Dementia


Living with a disability often means learning to live with a long-term loss of quality of life. Not only is a person often unable to enjoy favorite hobbies and activities when suffering from a disabling condition, but disabled individuals may also be unable to earn an income due to physical or mental limitations that make work tasks difficult or impossible to complete. When a person cannot work due to a disability, social security disability insurance (SSDI) benefits may be available.

SSDI benefits are funded through paycheck deductions. The federal government manages the insurance program, and people who have worked in the past may be eligible. Work history and the limitations caused by the disability will determine whether a person is eligible for benefits.

What is Dementia?

Dementia is a mental health condition that causes a gradual decline in cognitive function. The term encompasses several illnesses, and Alzheimer’s disease is the most recognized type of dementia. Symptoms of Alzheimer’s disease include memory loss, rapid changes in mood and a marked change in personality. In advanced stages of Alzheimer’s disease, sufferers are often unable to recognize loved ones and may be confused about their surroundings on a daily basis. People who suffer from the cognitive disorder will eventually die as a result of complications of the illness.

Dementia can involve a combination of two different cognitive disorders. For example, people who suffer from Alzheimer’s disease may also have vascular dementia. The condition causes a permanent loss of motor function over time.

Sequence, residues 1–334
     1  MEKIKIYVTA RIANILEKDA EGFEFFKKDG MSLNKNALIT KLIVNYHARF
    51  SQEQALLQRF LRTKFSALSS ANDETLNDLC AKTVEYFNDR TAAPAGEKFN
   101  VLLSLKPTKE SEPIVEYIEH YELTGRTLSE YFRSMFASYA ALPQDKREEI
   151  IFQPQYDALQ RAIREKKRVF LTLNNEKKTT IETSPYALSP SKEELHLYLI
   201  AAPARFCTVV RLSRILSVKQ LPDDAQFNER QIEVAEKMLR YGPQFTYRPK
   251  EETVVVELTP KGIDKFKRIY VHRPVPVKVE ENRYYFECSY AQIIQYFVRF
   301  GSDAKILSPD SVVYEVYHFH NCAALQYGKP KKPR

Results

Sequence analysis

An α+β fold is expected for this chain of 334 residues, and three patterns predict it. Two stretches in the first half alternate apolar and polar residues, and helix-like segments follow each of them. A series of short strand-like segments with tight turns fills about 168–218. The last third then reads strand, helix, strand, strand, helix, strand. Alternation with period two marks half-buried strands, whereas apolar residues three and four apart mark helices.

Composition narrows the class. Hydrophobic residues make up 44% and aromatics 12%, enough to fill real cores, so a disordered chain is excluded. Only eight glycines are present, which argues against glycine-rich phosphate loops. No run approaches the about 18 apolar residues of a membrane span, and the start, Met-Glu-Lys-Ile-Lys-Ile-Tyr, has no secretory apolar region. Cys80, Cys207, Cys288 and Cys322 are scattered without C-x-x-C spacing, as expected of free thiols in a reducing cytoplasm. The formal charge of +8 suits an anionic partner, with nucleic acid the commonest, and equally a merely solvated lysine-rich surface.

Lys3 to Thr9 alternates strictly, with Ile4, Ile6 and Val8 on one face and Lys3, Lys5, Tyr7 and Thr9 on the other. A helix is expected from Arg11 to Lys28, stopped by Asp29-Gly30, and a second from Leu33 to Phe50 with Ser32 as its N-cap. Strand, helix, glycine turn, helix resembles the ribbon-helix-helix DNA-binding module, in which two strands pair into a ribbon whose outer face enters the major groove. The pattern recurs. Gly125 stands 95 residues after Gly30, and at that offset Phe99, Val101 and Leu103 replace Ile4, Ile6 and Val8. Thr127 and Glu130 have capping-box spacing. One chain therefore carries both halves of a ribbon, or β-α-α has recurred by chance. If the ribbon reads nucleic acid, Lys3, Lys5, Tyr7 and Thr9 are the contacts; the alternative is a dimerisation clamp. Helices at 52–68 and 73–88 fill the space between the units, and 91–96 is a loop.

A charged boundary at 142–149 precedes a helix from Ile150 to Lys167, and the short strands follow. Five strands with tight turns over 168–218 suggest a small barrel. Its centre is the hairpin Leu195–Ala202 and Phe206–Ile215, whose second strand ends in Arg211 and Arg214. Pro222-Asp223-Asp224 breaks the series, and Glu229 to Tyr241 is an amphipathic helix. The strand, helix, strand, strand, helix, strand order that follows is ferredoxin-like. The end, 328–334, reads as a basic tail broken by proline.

Dementia cannot be effectively treated, and any treatment methods that are attempted are simply used to slow the progression of the associated condition. Because there is no cure or effective treatment option for any type of dementia, all conditions that fall into this category are considered to be permanent disabilities.

Getting SSDI for Dementia

Getting SSDI is often a matter of applying under the Social Security Administration (SSA) listing for the associated condition. Requirements vary by condition. For example, a person with Alzheimer’s would need to establish that symptoms including memory loss, confusion and personality changes are present. These symptoms must be severe enough to interfere with a person’s ability to care for themselves, maintain personal relationships and focus on daily tasks.

If a person has any other type of dementia, the individual must provide evidence that symptoms like difficulty paying attention, an inability to write or speak and a rapid loss of cognitive function exist.

The most important part of the SSDI application is providing evidence that a disability exists. A medical professional needs to diagnose the applicant, and records detailing symptoms should be established. Disabled individuals should seek routine medical care to ensure that a thorough record is established, and these records must be maintained by a licensed medical provider.

Getting Help from an Attorney

People who suffer from dementia will eventually reach a point at which they will no longer be able to work. The confusion and memory loss caused by the condition makes it difficult for people to apply for benefits, and family members may have trouble properly filing the paperwork needed to apply for SSDI benefits on the behalf of a loved one. The best option in this situation is to hire an SSDI attorney to help. SSDI lawyers have experience helping people gather the necessary information to prove that a disability exists. If your loved one is suffering from dementia and needs SSDI benefits to pay for housing, food and other necessities, contact us today to schedule a free consultation.

Ruth F. Kolb, Esquire has been practicing social security disability law since 2003 handling all levels of representation from initial claims through all stages of appeal.